We are beginning to recognise that here too.’

With the appetite for growth back on the agenda of Irish businesses, Murray has also seen a tempo shift in terms of uptake of the firm’s corporate finance services. ‘Buyers and sellers are returning to the markets, and there are more and more opportunities to get finance for these transactions. So I am finding that significantly more of my time is dedicated to corporate finance work – raising funds, debt and equity for companies, advising on MBOs [management buyouts], from the point of view of the investment team and the vendors, and advising on the sales of business.’

In spite of that rekindling of the entrepreneurial spirit, one of the biggest issues that small and medium-sized enterprises (SMEs) have faced over the past few years, namely the funding crisis, hasn’t gone away. Part of the challenge, Murray says, is ‘about educating our entrepreneurial class that banks are there to provide working capital, not risk capital. Once you understand that, it becomes about searching for alternative sources.’

That said, he also stresses that the issue of SMEs getting access to working capital is a real and a live one. ‘To address that, we need more than just lip service from government. There is an onus on both government and the banking sector to look more closely at the issue. A significant amount of SMEs are not getting credit from their banks and they don’t understand why. They need to get clarity as to what the lending criteria are, what the parameters for lending are, and what the alternatives are. If that isn’t resolved, it is one of the things that could hamper the ongoing recovery of the economy.’

Council role

A native of Portmarnock, north County Dublin, Murray entered the accounting profession on leaving school, becoming a member of ACCA in 1997. His participation in the organisational side of ACCA has been relatively seamless since then: he joined the Leinster Society on the day he became an ACCA, subsequently served on the practitioners’ network, as ACCA Ireland president in 2012, and since 2013 has been a member of ACCA Council, ACCA’s primary governance body.

‘Running for Council was a very easy decision for me to make,’ he says.’ It was a natural progression in the relationship I’ve had with ACCA since becoming a member.’ Gaining insight, as ACCA Ireland president, of ACCA’s international dimension also helped influence his decision to take the next step. ’Up until then, I probably hadn’t appreciated the size and global nature of the organisation,’ he says.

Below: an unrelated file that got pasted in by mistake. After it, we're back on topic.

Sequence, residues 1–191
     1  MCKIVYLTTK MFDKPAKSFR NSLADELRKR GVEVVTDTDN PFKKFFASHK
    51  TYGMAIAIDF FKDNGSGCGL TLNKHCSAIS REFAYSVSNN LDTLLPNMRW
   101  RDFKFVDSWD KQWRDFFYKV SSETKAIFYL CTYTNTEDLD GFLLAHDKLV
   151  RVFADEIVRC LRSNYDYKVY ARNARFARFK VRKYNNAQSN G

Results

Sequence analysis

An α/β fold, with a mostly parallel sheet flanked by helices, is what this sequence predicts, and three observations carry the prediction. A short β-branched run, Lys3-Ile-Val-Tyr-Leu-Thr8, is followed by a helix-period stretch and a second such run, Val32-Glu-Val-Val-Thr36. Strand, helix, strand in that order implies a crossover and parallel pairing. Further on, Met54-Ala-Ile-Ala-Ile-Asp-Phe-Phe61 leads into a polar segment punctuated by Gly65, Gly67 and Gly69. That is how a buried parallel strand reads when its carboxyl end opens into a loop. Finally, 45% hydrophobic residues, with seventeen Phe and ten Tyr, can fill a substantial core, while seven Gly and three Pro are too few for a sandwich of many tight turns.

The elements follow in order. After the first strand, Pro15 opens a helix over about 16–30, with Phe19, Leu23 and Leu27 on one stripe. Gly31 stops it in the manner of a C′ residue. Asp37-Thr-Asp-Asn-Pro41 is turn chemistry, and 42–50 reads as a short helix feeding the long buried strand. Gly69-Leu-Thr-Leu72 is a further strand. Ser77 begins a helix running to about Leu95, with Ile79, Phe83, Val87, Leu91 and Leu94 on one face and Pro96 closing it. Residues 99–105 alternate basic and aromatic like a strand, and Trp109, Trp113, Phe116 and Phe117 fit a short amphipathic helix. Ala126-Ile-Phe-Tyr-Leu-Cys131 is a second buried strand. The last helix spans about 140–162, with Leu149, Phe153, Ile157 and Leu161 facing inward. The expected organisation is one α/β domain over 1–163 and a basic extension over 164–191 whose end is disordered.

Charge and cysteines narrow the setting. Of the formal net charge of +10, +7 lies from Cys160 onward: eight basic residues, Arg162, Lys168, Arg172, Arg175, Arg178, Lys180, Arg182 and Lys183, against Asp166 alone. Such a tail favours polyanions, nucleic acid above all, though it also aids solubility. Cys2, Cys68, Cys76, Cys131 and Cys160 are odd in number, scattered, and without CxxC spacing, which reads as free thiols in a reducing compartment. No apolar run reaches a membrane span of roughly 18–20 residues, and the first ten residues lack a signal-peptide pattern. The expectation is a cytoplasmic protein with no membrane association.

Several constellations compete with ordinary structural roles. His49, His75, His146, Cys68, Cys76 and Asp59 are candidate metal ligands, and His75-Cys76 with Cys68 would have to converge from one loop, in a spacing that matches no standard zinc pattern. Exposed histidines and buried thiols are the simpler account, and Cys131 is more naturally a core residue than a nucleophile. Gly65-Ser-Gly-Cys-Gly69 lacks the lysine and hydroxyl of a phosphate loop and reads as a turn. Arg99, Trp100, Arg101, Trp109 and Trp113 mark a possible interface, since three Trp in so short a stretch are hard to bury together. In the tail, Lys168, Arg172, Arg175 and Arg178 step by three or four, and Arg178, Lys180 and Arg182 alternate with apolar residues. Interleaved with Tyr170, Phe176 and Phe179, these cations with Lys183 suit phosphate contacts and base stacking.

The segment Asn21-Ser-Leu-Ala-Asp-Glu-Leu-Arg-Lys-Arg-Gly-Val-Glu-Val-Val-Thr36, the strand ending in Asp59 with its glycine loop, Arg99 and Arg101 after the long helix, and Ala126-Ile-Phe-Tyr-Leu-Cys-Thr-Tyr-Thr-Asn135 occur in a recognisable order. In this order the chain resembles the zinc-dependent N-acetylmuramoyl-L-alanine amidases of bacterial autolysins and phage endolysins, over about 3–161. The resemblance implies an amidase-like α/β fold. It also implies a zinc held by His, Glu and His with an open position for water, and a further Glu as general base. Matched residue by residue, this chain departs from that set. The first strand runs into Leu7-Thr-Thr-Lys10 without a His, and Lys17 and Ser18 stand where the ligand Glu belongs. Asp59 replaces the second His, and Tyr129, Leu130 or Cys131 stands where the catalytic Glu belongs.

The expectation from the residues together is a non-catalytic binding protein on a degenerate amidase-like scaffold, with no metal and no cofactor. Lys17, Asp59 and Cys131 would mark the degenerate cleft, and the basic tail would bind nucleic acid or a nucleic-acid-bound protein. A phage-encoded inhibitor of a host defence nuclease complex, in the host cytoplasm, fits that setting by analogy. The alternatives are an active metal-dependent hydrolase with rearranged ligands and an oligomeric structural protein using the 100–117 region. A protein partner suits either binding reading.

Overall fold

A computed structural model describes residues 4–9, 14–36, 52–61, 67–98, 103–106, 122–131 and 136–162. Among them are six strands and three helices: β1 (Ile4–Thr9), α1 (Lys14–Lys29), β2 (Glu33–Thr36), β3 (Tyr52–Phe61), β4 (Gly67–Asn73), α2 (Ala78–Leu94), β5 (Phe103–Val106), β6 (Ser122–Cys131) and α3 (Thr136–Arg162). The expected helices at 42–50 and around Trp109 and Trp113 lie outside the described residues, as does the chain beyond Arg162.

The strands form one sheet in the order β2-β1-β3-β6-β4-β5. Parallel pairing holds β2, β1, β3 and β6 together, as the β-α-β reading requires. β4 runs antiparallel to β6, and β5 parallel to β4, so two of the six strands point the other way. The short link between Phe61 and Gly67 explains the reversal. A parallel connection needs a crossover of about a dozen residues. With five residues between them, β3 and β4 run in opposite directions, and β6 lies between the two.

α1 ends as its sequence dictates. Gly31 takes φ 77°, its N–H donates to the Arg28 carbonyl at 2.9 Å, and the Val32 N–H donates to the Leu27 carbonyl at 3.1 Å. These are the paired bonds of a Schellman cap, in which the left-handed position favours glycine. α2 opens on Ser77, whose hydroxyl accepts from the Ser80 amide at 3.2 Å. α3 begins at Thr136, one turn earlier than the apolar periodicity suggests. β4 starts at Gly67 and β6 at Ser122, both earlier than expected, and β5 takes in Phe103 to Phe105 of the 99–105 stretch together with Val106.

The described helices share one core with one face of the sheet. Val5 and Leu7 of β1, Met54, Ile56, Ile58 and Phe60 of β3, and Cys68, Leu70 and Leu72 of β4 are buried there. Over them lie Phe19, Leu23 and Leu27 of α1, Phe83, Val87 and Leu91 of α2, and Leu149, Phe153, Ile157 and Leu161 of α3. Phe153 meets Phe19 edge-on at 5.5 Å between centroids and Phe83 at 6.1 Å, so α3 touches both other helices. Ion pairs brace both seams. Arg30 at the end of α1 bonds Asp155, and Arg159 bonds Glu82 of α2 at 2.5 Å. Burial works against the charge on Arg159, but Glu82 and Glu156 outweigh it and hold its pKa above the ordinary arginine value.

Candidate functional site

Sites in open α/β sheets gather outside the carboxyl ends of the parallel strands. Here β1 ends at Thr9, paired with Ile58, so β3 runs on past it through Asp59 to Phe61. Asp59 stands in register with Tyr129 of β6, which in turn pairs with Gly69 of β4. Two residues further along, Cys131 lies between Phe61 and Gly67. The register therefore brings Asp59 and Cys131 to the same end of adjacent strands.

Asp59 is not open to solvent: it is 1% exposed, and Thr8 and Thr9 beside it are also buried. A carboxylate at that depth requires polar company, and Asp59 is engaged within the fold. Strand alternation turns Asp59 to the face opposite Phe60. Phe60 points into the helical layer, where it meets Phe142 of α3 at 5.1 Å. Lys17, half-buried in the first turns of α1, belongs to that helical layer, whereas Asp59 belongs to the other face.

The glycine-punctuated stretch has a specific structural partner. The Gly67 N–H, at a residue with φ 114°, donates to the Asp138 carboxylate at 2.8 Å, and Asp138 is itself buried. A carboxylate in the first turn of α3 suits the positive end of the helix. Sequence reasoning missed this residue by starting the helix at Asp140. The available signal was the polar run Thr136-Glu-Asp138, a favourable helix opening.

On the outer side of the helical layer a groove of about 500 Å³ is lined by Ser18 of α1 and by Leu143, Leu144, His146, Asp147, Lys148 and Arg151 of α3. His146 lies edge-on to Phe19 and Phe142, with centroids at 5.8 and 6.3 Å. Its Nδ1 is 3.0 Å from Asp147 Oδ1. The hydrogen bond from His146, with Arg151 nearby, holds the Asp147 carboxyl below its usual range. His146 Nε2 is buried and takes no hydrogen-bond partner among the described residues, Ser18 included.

Being a member of ACCA Council has allowed him to witness and participate in ACCA’s development and he is particularly excited about the progress of its ambitious growth strategy to 2020, and the impact this is having in diverse communities around the world. ‘One of the key things that distinguishes ACCA from other accountancy bodies is its open access policies: you don’t have to have gone to university, or have been apprenticed or articled to another accountant to be a member,’ he says. ‘When I hear and see the stories of people from relatively disadvantaged backgrounds around the world who, with the support of their communities, enter the profession, qualify and then support the community back, you begin to see what ACCA does and how it is different from other professional bodies in our field.’

Murray is one of five Irish members who are currently serving on Council and he attributes that strong Irish presence to a number of factors, key among them being the country’s very engaged membership. ‘We have a high proportion of members in Ireland who are engaged with the association and involved in it,’ he says. ‘We have very good support from Leeson Park [ACCA Ireland headquarters], very active committees, healthy membership in those committees, and engaged members who see the benefit of commitment to ACCA in terms of professional and personal development.’


Earlier this year, Murray was appointed by the minister for jobs, enterprise and innovation, Richard Bruton, to the board of the National Institute for Bioprocessing Research and Training (NIBRT). Building on his experience of advising boards of directors across a wide range of industries, it also ties in with Murray’s long-term career goals of supporting businesses in their push to develop into competitive and innovative organisations.

‘NIBRT offers a quality training and research experience that hasn’t been possible up to now anywhere in the world,’ says Murray. ‘It will be very significant to the country’s inward investment strategy and plays into the idea that, while technology is going to be big part of Ireland Inc’s offering in the years ahead, what’s really going to differentiate us in the future is talent.

Multinational companies are drawn to Ireland in no small part because of the talent we have here, and NIBRT shows that we are taking this seriously as a country.’

With such an intensive schedule of executive and non-executive roles, all having to accommodate themselves around the dynamics of family life, Murray could be forgiven if he chose a benign use for any downtime.

Recently, however, he’s made the decision to give time back to the local community in the role of football coach. ‘I was an enthusiastic but not very talented football player as a child and now as an adult I’ve started coaching our local youth soccer team. The pitch is a great place to release whatever small frustrations you’ve experienced during the week. It’s also very rewarding to train a team and, in fairness, the skills of being a football manager are not much different from being a manager in a business.’

Donal Nugent, journalist